In the modern globalized world, so-called private military and security companies (PMSCs) are employed by a variety of actors in times of both war and peace. They are employed by, and perform a plethora of services for, not only international organizations, NGOs, and multinationals, but also States. It goes without saying that, especially in areas torn apart by armed conflicts, these corporations and their personnel can and sometimes do engage in different types of misconduct that may constitute violations of international law. While there are still regulatory gaps in the national and international legal frameworks applicable to PMSCs and self-regulatory schemes of the industry generally appear to be lacking effectiveness, the lines of responsibility often remain unclear. In light of this, State responsibility becomes an important instrument for attaining justice and ensuring respect for international law by private contractors.
The use of PMSCs by States in conflict zones may, in certain instances, be considered morally problematic and might enable States to outsource fundamental governmental tasks to essentially private actors without necessarily being held responsible for instances of misconduct. This book investigates the possibility of applying the doctrine of State responsibility to the employment of PMSCs in areas affected by conflicts and to breaches of international law committed by these companies and their personnel. It examines an array of circumstances in which the unlawful conduct of PMSCs and their staff may be attributed to States under international law and the extent of such attribution. The study further analyzes the application of positive obligations imposed by international law on States and the scope of this application. It is illustrated that not only States hiring PMSCs, but also States where these companies are active, and States where they are registered or incorporated, are to be held responsible when violations of international law are attributed to these States in accordance with certain modes of attribution. In addition, the States in question also bear international responsibility when they fail to comply with their positive duties of result and diligent conduct stemming from the fields of international humanitarian and human rights law.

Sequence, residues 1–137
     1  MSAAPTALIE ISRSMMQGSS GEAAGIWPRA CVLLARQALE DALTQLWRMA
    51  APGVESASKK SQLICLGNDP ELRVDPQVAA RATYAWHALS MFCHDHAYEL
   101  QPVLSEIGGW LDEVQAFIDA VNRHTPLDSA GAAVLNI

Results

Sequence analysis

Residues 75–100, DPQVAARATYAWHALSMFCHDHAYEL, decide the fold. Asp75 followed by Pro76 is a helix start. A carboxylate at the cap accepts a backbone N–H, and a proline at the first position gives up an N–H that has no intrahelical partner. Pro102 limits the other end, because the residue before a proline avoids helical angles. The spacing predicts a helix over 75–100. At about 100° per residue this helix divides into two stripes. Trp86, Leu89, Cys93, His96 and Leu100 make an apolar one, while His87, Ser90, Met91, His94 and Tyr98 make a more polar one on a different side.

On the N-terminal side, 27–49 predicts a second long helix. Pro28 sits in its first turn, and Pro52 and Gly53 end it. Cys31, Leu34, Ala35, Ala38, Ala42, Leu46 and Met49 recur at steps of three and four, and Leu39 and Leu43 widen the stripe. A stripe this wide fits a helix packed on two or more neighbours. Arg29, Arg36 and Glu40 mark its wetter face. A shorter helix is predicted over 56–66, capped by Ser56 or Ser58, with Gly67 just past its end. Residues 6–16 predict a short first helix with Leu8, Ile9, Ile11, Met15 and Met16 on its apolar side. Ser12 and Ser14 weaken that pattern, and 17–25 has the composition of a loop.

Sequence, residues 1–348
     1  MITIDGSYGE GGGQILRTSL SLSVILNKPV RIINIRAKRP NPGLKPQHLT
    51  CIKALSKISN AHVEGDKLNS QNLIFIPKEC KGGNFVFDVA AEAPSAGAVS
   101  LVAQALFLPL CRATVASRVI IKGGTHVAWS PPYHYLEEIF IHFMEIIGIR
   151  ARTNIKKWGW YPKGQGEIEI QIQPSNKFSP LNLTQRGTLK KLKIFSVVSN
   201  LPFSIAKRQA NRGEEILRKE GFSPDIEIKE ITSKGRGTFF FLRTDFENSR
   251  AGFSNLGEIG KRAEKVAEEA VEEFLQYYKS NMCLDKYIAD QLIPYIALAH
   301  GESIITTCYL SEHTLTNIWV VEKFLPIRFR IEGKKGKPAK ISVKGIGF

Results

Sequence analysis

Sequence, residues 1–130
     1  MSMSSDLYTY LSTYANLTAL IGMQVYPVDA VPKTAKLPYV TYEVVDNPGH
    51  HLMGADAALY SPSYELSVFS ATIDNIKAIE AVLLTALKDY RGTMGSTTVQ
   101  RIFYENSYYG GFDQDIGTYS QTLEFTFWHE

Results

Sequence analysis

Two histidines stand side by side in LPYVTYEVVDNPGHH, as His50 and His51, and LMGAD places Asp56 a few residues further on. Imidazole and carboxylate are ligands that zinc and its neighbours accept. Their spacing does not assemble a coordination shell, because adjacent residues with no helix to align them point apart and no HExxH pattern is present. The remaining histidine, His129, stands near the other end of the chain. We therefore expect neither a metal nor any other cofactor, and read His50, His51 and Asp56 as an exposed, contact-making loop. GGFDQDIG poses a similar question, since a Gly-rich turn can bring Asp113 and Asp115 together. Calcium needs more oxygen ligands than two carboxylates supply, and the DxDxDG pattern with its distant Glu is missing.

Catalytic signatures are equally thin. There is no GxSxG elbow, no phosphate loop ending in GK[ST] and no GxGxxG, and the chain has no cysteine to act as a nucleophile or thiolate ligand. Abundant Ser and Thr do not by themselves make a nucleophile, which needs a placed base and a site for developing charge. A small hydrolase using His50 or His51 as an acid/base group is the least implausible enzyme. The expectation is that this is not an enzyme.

Chapter I. General Introduction (p. 1)
Chapter II. Privatization of War and Security – War is Business and Vice Versa (p. 45)
Chapter III. Existing Legal Framework of PMSC Operation (p. 105)
Chapter IV. Legal Status of PMSC Employees (p. 157)
Chapter V. State Responsibility under the Draft Articles on State Responsibility (p. 201)
Chapter VI. State Responsibility for Non-Compliance with Positive International Law Obligations (p. 303)
Chapter VII. Summary, Overall Conclusions, and Final Observations (p. 393)
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